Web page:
Wildcat CE Timber Sale

This is a close-up of various wetland plants on the forest floor in the Wildcat Timber Sale.

Thanks to all your help Bark and the Forest Service have reached a successful compromise regarding Wildcat CE (Categorical Exclusion). The Wildcat project is planned in stands with key legacy features which may be destroyed as a result of logging. Bark appealed Wildcat CE on 1/19/2006 on the grounds that the project will not meet its stated goals of enhancing biological diversity and stand health.

On 2/7/2006, Bark withdrew its appeal on the conditions that (1) the Forest Service would drop 1-2 acres in the western corner of Unit 1 to provide protection for an area with legacy features such as large, downed logs that are essential for ecosystem functioning, (2) Bark will work with Mt. Hood National Forest field staff in inventorying and marking all significant snags within Unit 6 prior to logging, and (3) within three months of the completion of all logging activities, appropriate Mt. Hood National Forest staff will facilitate a field tour with Bark representatives to observe post-logging conditions. This agreement is being carried out by volunteers tagging and getting coordinates for 100 snags within Unit 6 so that we might get a better idea of how well snags can be retained after logging. Our results are forthcoming.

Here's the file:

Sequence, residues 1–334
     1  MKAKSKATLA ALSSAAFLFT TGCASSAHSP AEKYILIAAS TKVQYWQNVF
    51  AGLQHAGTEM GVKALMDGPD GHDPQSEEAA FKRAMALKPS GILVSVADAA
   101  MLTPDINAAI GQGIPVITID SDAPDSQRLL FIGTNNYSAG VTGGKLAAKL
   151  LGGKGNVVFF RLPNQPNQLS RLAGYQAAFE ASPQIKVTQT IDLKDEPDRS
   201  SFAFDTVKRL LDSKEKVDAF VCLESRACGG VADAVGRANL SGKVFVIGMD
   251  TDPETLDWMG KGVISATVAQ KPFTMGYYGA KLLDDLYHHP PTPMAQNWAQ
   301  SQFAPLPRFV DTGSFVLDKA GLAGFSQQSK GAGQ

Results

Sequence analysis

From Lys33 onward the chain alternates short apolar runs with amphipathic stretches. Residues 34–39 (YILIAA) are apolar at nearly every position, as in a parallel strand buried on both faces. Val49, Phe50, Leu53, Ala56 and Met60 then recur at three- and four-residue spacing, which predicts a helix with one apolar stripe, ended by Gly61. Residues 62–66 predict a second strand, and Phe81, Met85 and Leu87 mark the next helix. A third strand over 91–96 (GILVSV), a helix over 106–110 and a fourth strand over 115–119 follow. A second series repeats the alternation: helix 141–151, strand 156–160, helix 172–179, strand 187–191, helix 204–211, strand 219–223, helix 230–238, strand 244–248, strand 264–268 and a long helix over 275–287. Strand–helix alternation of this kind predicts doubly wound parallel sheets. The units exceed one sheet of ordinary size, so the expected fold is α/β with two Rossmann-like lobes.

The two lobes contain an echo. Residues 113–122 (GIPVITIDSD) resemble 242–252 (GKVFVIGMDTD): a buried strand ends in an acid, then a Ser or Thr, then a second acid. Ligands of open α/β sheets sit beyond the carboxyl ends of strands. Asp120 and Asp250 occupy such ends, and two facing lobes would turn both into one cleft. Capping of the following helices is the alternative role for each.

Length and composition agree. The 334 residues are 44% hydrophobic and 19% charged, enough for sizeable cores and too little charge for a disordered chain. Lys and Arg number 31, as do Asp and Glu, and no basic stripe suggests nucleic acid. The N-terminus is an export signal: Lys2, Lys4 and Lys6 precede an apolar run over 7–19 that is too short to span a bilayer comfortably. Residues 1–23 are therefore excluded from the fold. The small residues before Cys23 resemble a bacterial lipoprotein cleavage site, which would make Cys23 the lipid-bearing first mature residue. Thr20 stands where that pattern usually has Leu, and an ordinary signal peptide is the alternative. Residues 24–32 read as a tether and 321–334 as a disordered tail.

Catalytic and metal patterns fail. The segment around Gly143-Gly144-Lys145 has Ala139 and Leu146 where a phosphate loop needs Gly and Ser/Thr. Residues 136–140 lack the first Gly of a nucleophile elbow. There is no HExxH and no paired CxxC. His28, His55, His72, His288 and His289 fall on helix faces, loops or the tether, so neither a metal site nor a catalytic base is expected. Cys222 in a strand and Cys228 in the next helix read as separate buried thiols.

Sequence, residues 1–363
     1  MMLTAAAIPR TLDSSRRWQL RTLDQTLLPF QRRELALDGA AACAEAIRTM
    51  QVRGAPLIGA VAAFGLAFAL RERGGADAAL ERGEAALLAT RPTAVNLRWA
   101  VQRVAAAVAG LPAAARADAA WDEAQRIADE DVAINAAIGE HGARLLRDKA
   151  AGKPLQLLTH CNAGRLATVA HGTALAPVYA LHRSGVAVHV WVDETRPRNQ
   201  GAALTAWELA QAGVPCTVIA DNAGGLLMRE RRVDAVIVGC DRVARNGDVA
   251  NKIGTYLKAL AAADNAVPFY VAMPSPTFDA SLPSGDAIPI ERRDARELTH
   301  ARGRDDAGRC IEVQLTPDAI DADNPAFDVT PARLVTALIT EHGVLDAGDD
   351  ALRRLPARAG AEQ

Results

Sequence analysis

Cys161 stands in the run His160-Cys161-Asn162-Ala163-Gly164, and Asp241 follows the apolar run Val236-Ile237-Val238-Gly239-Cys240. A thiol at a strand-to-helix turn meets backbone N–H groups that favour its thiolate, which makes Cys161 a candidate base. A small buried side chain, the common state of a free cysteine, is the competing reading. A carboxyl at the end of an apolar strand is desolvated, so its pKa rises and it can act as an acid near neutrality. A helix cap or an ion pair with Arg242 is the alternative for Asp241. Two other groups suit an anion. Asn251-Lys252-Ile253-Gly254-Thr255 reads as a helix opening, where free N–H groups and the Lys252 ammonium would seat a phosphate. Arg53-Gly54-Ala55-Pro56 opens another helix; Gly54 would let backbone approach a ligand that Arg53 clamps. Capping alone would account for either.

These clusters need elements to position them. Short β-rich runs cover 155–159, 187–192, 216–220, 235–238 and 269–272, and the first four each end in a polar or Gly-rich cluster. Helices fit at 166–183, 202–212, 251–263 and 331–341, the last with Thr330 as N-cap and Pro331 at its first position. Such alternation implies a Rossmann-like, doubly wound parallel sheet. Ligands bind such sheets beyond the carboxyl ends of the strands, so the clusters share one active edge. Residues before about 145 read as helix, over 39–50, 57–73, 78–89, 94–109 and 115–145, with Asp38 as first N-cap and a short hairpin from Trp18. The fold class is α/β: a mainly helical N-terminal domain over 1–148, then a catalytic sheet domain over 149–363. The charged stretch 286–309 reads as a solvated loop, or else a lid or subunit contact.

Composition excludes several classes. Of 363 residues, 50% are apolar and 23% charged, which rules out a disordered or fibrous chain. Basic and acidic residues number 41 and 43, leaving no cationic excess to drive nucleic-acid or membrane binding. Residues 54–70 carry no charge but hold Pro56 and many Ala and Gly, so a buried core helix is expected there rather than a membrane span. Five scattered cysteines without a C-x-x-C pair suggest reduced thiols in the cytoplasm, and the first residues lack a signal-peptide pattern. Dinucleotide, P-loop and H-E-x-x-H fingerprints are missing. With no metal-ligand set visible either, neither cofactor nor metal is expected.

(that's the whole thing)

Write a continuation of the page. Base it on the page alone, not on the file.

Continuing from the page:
In 2012, amazing Bark volunteer and Forest Watch Committee member Paula Hood took on the job of organizing a Bark team to inventory these snags. As logging goes forward and post-logging monitoring occurs, Bark continues to compile results. If you are interested in up-to-date information regarding snag retention in the sale, please contact the Bark office at 503-331-0374 and ask for our Forest Watch Coordinator or email info@bark-out.org with questions.

Resources for Comment-Writing


Bark believes there is no reason for the extra 500 feet of road in unit 1 because the existing road already reaches the boundary of the unit. The road density in the planning area is already high reduction of impacts from roads through decommissioning and restoration should be the highest priority of the Zigzag Ranger District, not new road construction.

Habitats & Species

T&E Species: Northern Spotted Owl Additional Species Info: A 2004 Bush administration rule that removed protections for rare plants and animals was just determined illegal by Judge Pechman of the U.S. District Court (see the feature story at www.bark-out.org). Wildcat CE is one of the logging projects that may be illegally moving forward without providing protections for rare species required by the court ruling.